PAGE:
In another instalment of our series on Christmas celebrations around the world, Dimitra Neonaki tells about the Greek festive season:
The smell of Christmas comes to every Greek home in late November, when bakeries begin selling the quintessential holiday cookies called Kourabiedes and Melomakarouna.
They are baked once a year and are the kick-off to the holiday season, which in Greece is from December 25 to January 6, and comprises three holidays: Christmas, New Year’s and the Epiphany. This is the season all children look forward to as it means no school for 2 weeks, loads of presents and lots of delicious food.
Greeks celebrate the birth of Christ in their own special way, with some customs similar to those in the rest of the Christian world, and others uniquely Greek. Since ancient times, Greeks have had a very close relationship with sailing and the sea, so until recently, the spirit of the season was expressed in decorating a boat rather than a Christmas tree. Families had a miniature boat in their homes with lights strung across the masts, a tradition still held in cities across Greece, notably the second largest city in Greece, Thessaloniki, where today one can still admire a large boat in its central square instead of a tree. Nowadays, the northern European tradition of decorating a tree has taken over for the most part, but one can still see these boats in squares and homes across the country.
December 25 is a day for family and close friends to gather and share a Christmas meal, usually roast lamb, pork or turkey with all the trimmings. It wouldn’t be a Greek meal without countless side dishes including spinach and cheese pies, salads, chestnut cake for dessert and loads of wine. A loaf of “Chrisopsomo” (Christ’s bread) is usually placed in the center of the table, as a reminder of what this day is a celebration of.
Christmas and New Year’s Days are a time when children go house to house singing Christmas carols (“kalanda” in Greek). Groups of friends walk through their neighborhoods playing triangles (musical instruments) and singing a repertoire of traditional songs in exchange for a few coins or a Christmas cookie.
This period is also the time to visit friends and relatives, and as Greeks would never dream of showing up at someone’s home empty-handed, small gifts are exchanged throughout the season. The most common gift is a “gouri”, or a good luck charm. This could be a small silver or metal representation of a pomegranate, a “mati” (evil eye) or an olive branch wreath, all symbols of good portent for the coming year. Nowadays, every jewelry store in the country sells variations of these symbols on necklaces and bracelets, which make popular gifts, especially for women.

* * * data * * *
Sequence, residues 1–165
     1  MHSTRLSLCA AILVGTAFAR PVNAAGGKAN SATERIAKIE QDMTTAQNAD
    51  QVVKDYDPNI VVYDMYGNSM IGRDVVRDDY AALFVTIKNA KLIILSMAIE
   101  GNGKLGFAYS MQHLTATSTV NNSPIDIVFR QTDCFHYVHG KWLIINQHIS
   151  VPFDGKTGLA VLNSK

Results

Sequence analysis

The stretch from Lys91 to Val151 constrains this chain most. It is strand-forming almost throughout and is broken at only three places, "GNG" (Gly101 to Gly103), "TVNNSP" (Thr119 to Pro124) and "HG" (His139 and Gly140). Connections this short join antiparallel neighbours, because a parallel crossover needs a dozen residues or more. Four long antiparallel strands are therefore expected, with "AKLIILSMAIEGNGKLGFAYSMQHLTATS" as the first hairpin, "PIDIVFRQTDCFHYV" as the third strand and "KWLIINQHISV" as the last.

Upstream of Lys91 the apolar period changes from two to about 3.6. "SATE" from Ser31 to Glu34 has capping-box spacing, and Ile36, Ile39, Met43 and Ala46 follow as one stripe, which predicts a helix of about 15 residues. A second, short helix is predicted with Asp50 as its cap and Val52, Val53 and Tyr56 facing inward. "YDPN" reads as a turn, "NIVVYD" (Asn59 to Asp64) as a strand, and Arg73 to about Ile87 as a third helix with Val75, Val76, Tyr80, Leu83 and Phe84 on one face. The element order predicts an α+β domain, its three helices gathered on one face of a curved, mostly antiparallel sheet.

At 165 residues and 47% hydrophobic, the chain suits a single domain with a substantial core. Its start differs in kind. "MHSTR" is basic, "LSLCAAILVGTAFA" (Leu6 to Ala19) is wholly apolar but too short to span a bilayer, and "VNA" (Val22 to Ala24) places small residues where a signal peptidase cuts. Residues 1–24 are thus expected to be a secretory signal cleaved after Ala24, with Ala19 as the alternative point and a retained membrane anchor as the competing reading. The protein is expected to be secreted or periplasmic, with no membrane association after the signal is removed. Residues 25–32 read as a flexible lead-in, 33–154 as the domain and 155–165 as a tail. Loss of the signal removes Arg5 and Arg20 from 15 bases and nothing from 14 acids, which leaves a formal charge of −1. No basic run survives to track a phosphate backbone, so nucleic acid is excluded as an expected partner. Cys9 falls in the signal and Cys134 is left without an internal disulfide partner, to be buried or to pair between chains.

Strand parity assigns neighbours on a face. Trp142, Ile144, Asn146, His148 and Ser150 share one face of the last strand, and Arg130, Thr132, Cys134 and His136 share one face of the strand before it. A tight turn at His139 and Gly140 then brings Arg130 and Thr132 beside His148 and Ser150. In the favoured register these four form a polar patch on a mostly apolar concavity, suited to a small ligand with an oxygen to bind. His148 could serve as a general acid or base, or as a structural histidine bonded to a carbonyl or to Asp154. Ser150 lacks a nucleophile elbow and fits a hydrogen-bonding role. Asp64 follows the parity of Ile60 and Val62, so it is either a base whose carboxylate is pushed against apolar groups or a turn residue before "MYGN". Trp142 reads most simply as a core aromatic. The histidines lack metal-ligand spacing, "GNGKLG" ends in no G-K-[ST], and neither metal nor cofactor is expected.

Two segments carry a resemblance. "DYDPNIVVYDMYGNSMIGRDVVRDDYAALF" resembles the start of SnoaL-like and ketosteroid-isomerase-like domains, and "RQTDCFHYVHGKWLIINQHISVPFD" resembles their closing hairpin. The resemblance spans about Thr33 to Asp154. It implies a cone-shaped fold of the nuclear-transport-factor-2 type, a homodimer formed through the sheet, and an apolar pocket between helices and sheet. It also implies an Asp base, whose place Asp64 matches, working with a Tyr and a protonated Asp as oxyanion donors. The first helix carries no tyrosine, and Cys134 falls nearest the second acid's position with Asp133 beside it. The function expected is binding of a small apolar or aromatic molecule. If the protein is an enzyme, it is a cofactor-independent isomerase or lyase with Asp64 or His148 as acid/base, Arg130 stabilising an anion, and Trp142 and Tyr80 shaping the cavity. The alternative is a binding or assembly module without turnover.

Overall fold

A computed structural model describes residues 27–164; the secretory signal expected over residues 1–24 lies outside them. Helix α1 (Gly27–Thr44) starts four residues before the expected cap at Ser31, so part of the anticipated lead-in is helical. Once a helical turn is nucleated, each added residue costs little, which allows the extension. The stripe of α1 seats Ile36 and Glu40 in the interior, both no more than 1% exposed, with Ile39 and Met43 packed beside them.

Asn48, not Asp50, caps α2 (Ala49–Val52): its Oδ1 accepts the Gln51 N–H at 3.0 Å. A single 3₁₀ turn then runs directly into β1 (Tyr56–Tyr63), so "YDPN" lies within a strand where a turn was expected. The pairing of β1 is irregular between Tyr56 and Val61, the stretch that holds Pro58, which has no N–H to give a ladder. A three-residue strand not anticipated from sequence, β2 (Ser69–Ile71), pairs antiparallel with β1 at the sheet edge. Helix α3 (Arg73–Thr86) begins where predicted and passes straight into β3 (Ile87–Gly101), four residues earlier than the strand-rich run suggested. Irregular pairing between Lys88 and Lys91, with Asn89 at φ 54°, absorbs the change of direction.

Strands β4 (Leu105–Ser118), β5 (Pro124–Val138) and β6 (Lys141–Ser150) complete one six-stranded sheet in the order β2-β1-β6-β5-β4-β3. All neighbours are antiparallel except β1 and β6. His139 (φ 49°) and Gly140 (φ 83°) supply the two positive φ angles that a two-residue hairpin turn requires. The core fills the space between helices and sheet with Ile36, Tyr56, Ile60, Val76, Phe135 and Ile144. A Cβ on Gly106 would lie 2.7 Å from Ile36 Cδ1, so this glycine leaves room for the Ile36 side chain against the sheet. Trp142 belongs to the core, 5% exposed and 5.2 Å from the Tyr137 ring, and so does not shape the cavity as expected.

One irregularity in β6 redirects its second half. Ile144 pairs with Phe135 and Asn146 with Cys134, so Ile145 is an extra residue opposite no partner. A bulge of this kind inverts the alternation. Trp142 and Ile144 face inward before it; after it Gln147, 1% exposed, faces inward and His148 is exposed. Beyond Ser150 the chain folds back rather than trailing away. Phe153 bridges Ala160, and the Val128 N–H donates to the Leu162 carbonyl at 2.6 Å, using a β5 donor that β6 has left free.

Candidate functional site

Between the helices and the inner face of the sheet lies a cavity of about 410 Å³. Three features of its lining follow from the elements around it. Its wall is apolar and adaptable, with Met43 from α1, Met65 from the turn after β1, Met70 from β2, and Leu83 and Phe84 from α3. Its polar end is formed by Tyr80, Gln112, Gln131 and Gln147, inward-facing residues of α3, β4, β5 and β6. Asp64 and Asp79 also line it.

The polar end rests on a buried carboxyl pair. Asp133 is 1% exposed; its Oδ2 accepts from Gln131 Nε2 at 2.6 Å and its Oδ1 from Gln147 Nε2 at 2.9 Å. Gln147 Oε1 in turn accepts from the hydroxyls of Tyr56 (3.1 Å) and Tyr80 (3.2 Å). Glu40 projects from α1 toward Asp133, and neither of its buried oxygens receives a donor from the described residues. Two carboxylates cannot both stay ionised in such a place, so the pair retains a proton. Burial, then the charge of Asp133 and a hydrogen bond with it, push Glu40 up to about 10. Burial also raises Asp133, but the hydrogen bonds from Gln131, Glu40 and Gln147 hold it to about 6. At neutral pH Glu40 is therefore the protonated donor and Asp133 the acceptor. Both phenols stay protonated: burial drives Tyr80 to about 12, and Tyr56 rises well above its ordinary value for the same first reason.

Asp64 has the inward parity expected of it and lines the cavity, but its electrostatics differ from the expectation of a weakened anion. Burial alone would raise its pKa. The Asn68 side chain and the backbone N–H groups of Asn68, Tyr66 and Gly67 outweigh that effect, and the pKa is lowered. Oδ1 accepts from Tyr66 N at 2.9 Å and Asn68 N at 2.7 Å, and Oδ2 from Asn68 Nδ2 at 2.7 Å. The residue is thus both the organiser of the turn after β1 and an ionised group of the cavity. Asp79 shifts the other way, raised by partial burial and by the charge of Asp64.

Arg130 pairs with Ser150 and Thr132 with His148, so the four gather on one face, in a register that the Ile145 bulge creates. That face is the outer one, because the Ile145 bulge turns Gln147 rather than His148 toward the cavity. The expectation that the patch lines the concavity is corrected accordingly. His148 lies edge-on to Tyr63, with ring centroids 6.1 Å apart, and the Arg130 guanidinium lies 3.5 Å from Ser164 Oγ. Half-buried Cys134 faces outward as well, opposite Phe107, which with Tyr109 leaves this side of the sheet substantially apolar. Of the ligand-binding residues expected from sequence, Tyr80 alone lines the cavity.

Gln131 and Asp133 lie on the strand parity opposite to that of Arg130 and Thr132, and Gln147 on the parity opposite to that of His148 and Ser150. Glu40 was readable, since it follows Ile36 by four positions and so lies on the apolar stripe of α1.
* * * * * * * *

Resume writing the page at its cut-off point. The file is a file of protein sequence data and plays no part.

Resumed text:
Santa Claus is called “Ayios Vassilis” (Saint Basil) in Greek, and he comes bearing gifts not on Christmas Day but rather on January 1, his feast day, which of course coincides with New Year’s Day. The day is celebrated across the country beginning at midnight, when families gather for a large meal, and just before the clock strikes 12, they turn off the lights to usher in the New Year. The lights are switched back on at midnight, fireworks are shot off and the New Year’s song is sung. Then everyone sits down to cut the “Vassilopita”, the New Year’s cake that hides a coin somewhere in its center. The cake is cut into pieces for each guest, including an honorary piece each for Christ and Saint Basil, and everybody digs in looking for the coin. It is said that the one who finds the coin in their piece will be lucky in the coming year. Gifts are then exchanged, and the merriment continues into the wee hours, with adults playing poker and other card games and children sneaking extra dessert and revelling in the fact that there is no bedtime that evening.
The following morning, children awake to their gifts from Saint Basil, and households are busy cooking once again, this time for the late afternoon New Year’s meal. Most homes eat pork or chicken with rice on this day. Rice gives a symbolic strong start to the year, as the words for “rice” and “roots” are homophones in the Greek language. Greeks believe that the rice helps “root” the New Year in a positive way. Another tradition on this day is breaking a pomegranate on the floor of the entrance of the home. The pomegranate has been a symbol of abundance and fertility since ancient times, and features in a variety of Greek myths and legends. Today, breaking a pomegranate in the home on New Year’s Day is thought to bring the household and its members prosperity. Similarly, guests entering the home will make sure to walk in right foot first, another assurance of good luck for the year that has just begun.
And finally, the feast of the Epiphany on January 6 marks the closure of the holiday season. It is a celebration of Christ’s baptism by St. John the Baptist, and across Greece is marked by priests performing the “Great Blessing of the Waters”, a symbolic blessing of the sea with a holy cross. The cross is then thrown into the sea, and brave swimmers jump into the freezing waters to retrieve the cross. The lucky diver receives a blessing from the priest, who then releases a white dove, which symbolizes the Holy Spirit.
The Greek Christmas season is characterized by many other regional traditions as well, but despite the variations one thing is certain: Christmas is one of the most joyful times of the year for family and friends across the country.
Link to melomakarouna recipe:
Link to kourabiedes recipe: